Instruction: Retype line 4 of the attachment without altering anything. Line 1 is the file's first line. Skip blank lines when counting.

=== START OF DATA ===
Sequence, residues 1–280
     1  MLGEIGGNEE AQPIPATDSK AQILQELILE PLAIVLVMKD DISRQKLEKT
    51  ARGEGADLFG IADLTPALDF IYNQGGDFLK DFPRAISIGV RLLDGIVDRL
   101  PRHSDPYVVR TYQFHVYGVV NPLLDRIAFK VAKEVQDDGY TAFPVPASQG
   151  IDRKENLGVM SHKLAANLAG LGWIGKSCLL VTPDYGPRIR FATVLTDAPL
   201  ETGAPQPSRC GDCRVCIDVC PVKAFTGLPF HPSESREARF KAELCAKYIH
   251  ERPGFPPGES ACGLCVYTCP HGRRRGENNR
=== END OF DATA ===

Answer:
   101  PRHSDPYVVR TYQFHVYGVV NPLLDRIAFK VAKEVQDDGY TAFPVPASQG